Cloud Infrastructure Entitlement Management, or CIEM, has emerged as the latest buzzword in the world of cloud security. But just because CIEM is buzzworthy doesn’t mean everyone should integrate it into their cloud security strategies.
Keep reading for an overview of what CIEM means, how it compares to other cloud security activities, and how to implement CIEM if you decide it’s right for you.
What is cloud infrastructure rights management?
Cloud infrastructure rights management is the automated review of privileged access policies (also known as rights) within cloud environments. The goal of CIEM is to identify access rules that grant human or machine users a higher degree of privilege than they need. In this way, CIEM wants to follow the principle of: least privilege within the cloud.
For example, CIEM tools flag a cloud account that has the ability to create, delete, and run virtual machines if the user associated with that account only needs to use machines. In that case, the user would have too many rights. The CIEM tools recommend eliminating the create and delete privileges for the user.
In addition to identifying rights risks, some CIEM tools can automatically mitigate them by changing access policies.
It is worth noting that, despite the term “cloud infrastructure rights management”, CIEM does not only deal with the privileges associated solely with cloud infrastructure. CIEM can also identify and mitigate risks arising from access policies for Software-as-a-Service (SaaS) applications, cloud-based data, or other resources that you may not necessarily consider cloud infrastructure.
How is CIEM different from CSPM?
If CIEM is very similar to Cloud Security Posture Management or CSPM, it is because the two practices are similar in many ways. CSPM is the use of automated security tools to identify configuration issues that can lead to security risks in the cloud.
However, CIEM differs from CSPM in the following respects:
- Focus on privileges: CIEM only addresses security risks related to privileges and access policies. CSPM addresses different types of configuration risks, such as not requiring data encryption.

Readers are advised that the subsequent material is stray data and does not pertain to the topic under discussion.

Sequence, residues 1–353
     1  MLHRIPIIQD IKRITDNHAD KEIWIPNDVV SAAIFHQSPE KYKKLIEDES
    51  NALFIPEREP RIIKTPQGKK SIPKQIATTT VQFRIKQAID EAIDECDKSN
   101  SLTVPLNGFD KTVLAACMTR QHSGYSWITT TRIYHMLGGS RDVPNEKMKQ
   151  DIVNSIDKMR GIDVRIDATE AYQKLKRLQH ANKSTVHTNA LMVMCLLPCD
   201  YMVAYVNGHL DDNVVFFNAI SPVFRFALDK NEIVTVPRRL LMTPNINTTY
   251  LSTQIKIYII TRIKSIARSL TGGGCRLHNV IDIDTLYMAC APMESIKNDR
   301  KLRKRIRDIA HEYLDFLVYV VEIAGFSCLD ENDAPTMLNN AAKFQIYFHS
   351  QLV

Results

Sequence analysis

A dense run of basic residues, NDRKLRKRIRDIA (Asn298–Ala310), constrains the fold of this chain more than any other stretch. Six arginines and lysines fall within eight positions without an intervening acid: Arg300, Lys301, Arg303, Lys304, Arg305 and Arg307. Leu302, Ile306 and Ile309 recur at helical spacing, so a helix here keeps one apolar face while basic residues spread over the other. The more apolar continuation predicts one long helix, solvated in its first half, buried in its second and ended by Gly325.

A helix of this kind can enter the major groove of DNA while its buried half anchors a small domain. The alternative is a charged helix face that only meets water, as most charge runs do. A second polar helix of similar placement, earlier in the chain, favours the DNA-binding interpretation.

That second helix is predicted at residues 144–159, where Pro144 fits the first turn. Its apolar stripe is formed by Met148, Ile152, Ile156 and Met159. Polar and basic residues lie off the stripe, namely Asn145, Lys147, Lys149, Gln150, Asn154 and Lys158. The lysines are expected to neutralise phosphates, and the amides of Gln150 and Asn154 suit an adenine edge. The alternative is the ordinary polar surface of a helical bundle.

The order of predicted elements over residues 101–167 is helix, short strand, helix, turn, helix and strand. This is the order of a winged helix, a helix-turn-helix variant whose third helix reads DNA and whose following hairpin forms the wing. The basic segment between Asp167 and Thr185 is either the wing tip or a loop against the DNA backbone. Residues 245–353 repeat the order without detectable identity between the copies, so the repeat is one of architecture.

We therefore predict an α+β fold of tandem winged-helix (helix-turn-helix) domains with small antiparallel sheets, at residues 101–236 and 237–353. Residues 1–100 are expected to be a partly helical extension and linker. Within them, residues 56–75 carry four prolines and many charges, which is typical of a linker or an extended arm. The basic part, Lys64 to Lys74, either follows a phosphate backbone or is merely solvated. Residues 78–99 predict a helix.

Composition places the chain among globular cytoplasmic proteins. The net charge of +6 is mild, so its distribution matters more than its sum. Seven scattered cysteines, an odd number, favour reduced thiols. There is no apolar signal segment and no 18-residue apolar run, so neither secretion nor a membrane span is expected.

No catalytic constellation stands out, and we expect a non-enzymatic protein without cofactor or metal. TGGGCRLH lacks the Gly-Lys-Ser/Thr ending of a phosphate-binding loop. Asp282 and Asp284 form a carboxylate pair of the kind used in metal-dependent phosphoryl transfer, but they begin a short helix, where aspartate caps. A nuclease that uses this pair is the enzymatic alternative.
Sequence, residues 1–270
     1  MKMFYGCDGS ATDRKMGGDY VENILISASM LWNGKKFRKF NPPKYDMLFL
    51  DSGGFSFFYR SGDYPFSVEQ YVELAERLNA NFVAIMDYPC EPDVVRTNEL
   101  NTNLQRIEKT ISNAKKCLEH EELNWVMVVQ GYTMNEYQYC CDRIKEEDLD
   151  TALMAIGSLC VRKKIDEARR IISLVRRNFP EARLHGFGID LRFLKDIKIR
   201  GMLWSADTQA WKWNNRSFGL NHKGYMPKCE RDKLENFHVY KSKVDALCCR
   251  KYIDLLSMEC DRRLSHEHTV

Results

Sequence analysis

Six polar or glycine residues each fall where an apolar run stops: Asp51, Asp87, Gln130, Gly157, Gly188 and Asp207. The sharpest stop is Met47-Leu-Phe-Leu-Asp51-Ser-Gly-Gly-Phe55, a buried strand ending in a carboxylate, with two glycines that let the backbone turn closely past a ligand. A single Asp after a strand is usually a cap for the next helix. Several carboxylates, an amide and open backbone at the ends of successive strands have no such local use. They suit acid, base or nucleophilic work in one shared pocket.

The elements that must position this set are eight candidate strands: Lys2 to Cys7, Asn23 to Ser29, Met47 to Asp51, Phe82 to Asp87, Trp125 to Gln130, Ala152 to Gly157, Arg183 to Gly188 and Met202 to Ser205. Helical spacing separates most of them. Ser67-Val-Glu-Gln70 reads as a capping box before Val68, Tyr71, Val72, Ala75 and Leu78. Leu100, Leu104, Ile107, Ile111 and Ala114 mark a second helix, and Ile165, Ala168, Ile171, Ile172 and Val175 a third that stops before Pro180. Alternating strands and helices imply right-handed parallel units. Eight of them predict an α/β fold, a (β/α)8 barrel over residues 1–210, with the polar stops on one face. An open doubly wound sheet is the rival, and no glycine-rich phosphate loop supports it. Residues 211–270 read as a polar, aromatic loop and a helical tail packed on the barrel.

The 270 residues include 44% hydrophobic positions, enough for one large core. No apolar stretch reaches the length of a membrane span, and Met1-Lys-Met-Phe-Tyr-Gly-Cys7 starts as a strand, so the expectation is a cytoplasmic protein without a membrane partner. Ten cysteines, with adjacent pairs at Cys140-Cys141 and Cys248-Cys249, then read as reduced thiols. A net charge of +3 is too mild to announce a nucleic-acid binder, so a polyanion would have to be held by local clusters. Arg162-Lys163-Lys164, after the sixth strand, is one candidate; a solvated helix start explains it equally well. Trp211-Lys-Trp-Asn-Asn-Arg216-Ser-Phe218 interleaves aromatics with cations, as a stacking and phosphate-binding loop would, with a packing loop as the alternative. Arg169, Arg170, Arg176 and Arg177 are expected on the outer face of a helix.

- Detailed access review: Most CIEM tools can automatically determine what access rights a human or machine user should have, and then compare them with the rights that the user actually has. CSPM tools usually don’t perform this kind of detailed, contextualized case-by-case assessment; they simply look for configurations that are known to be unsafe.
- Check for permission changes: CIEM tools can detect suspicious changes to permissions rules, such as suddenly granting administrative privileges to a user whose previous activity does not require those privileges. CSPM does not provide this type of anomaly-based risk detection.
Despite these differences, reasonable people may argue whether CIEM is simply an extension of CSPM, or whether the two are fundamentally different cloud security domains.
Why CIEM and why now?
Indeed, it’s likely that at least part of the reason CIEM has become a buzzword in the past year is that CSPM platform marketers have latched onto CIEM in an effort to differentiate their platforms from other CSPM solutions — just like how many application performance management tools have been renamed “perceptibility” platforms in recent years, or how marketers use the “AIOpslabel on IT automation tools that were born before anyone talked about AIOps.
This is to say that the CIEM trend is likely just reflecting marketing buzz to some extent. Some of the functionality that CIEM tools provide was already available in traditional CSPM platforms before vendors defined CIEM as a new type of cloud security category.
Still, there’s more to it than devious marketing. The rise of CIEM also reflects the fact that cloud environments have become so massive in size and so mind-boggling in complexity that manual approaches to privilege management are no longer sufficient to mitigate security risks. In a cloud environment with hundreds of users and thousands of workloads, hundreds of thousands of access rights may be configured. CIEM tools provide an automated means to ensure that each of these privileges is properly configured in accordance with the least privilege principles.
Also, keep in mind that in a multicloud architecture, a business will likely use multiple access control frameworks at once, as each cloud has its own system for defining privileges and access rights. The exact meaning of different access policies and conditions can also differ between clouds; for example, what Azure calls a group is different from what AWS defines as a group. An advantage of CIEM tools in this context is that they provide a central platform for assessing privileges across clouds, regardless of the specifics of how policies are configured or managed.
So, who needs CIEM? And where can you get it?
In general, any company with a large-scale cloud environment can benefit from CIEM. And the more clouds and cloud services you use, the more useful CIEM will be in mitigating security risks everywhere.